Gerardus Mercator was born today in 1512. Yes, that Mercator, as in maps, as in one of cartographic history’s groundbreaking creations, the Mercator Atlas. The Mercator projection* displayed latitude and longitude as a grid, which (while causing all sorts of difficulties with pole-proximate object scales that persist to this day**) allowed sailors to plot their courses in straight lines. Sounds like a simple thing? Try calculating where you are, and where you need to go, while tossing up and down on the deck of a ship in the middle of the Atlantic Ocean, using hand-held scientific instruments and a flattened, rum-stained ellipse with sea monsters at the edges, then see how you feel;)
In honor of Mercator’s 503rd birthday, I want to point my fellow writers to an article on the right ways (and wrong ways) to build a cartographic history for your fantasy land:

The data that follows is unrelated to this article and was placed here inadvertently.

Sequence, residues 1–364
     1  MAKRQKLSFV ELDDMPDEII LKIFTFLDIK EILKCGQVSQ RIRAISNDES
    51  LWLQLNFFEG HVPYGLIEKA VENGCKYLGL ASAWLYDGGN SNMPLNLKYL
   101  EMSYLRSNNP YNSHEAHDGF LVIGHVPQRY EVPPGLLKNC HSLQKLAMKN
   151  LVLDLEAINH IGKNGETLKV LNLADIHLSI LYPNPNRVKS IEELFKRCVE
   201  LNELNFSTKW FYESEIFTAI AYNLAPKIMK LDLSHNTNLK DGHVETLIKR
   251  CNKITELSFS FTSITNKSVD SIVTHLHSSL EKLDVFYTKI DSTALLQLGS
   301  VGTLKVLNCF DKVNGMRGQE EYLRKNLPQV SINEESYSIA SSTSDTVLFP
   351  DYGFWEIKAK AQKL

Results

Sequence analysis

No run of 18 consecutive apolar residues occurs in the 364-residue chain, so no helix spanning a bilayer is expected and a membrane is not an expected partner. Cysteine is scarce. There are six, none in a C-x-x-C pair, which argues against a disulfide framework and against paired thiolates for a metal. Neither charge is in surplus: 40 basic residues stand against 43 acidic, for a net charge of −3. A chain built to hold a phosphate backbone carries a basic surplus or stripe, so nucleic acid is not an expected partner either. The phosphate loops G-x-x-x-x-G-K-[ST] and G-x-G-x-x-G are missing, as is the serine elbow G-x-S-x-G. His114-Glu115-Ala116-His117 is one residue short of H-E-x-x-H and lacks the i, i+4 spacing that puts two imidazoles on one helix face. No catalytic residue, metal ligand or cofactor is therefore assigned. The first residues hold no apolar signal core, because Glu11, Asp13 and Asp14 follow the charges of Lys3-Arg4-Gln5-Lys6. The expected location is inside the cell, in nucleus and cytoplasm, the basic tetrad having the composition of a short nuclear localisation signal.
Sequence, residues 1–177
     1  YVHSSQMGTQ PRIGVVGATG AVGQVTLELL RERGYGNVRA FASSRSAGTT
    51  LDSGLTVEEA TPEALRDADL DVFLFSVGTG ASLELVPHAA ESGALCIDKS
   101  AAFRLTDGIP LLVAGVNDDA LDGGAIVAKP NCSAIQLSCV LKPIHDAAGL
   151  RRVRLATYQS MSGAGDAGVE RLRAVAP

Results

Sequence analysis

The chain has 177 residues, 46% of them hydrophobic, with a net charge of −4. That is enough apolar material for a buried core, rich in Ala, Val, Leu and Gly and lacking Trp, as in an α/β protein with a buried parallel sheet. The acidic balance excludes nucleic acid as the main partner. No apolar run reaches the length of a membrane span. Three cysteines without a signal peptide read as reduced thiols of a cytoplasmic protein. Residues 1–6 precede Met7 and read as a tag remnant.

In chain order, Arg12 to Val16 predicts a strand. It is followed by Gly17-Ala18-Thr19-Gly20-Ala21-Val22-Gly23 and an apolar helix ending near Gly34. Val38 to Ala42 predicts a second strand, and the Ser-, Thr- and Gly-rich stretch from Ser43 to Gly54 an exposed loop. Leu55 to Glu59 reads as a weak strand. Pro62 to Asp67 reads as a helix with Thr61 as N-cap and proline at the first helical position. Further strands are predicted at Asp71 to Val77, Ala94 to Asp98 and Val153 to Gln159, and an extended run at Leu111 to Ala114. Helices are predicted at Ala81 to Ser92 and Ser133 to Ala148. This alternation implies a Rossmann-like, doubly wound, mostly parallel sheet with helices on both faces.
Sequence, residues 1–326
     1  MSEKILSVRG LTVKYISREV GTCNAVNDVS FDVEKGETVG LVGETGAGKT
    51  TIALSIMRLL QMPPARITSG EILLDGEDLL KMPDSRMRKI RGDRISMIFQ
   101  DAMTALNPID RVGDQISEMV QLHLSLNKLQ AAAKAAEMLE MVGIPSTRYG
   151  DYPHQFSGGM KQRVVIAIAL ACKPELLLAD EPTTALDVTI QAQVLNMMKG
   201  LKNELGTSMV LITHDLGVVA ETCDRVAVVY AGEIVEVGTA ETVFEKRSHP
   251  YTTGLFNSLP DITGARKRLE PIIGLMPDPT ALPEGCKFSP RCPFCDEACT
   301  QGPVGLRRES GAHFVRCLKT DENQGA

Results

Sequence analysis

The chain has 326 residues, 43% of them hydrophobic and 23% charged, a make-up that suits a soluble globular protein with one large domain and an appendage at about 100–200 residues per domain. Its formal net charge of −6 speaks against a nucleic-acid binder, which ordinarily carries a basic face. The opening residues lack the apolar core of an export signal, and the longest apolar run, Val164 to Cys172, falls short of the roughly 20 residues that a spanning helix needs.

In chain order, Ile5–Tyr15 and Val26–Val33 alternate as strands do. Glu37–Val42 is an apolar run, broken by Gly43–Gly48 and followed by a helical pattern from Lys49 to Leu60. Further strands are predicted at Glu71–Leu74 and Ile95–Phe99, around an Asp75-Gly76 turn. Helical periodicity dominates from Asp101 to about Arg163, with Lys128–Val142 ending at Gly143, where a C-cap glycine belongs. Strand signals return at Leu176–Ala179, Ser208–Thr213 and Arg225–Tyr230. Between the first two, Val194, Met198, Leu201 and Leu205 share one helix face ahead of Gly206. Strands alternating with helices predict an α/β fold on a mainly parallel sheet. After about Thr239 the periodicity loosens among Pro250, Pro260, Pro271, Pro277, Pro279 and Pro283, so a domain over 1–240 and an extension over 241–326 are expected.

10 Rules For Making Better Fantasy Maps
I particularly like suggestion #3 for urban fantasists; when it comes to understanding city form, it’s hard to go wrong with Kevin Lynch at your side.
Map: a useful distortion of reality.
* For more on Mercator’s process and the social context in which he produced his maps, see this excerpt from Mark Monmonier’s Rhumb Lines and Map Wars, via the University of Chicago Press.
** Check out this interactive puzzle map for a fun demonstration of size distortions.